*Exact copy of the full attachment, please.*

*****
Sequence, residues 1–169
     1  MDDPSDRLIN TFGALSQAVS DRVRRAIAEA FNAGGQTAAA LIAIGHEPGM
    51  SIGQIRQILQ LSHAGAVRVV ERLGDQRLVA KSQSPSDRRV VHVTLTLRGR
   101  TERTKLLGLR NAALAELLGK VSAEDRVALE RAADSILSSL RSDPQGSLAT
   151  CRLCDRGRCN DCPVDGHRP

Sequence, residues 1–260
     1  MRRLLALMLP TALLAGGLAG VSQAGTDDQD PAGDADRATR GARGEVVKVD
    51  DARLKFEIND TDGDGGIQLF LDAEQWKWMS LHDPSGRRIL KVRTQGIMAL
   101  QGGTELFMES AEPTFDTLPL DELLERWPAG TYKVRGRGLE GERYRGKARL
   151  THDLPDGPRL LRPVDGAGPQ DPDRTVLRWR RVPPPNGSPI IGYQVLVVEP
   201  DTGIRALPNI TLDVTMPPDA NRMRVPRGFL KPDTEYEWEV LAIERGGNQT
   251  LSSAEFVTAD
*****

Sequence, residues 1–169
     1  MDDPSDRLIN TFGALSQAVS DRVRRAIAEA FNAGGQTAAA LIAIGHEPGM
    51  SIGQIRQILQ LSHAGAVRVV ERLGDQRLVA KSQSPSDRRV VHVTLTLRGR
   101  TERTKLLGLR NAALAELLGK VSAEDRVALE RAADSILSSL RSDPQGSLAT
   151  CRLCDRGRCN DCPVDGHRP

Sequence, residues 1–260
     1  MRRLLALMLP TALLAGGLAG VSQAGTDDQD PAGDADRATR GARGEVVKVD
    51  DARLKFEIND TDGDGGIQLF LDAEQWKWMS LHDPSGRRIL KVRTQGIMAL
   101  QGGTELFMES AEPTFDTLPL DELLERWPAG TYKVRGRGLE GERYRGKARL
   151  THDLPDGPRL LRPVDGAGPQ DPDRTVLRWR RVPPPNGSPI IGYQVLVVEP
   201  DTGIRALPNI TLDVTMPPDA NRMRVPRGFL KPDTEYEWEV LAIERGGNQT
   251  LSSAEFVTAD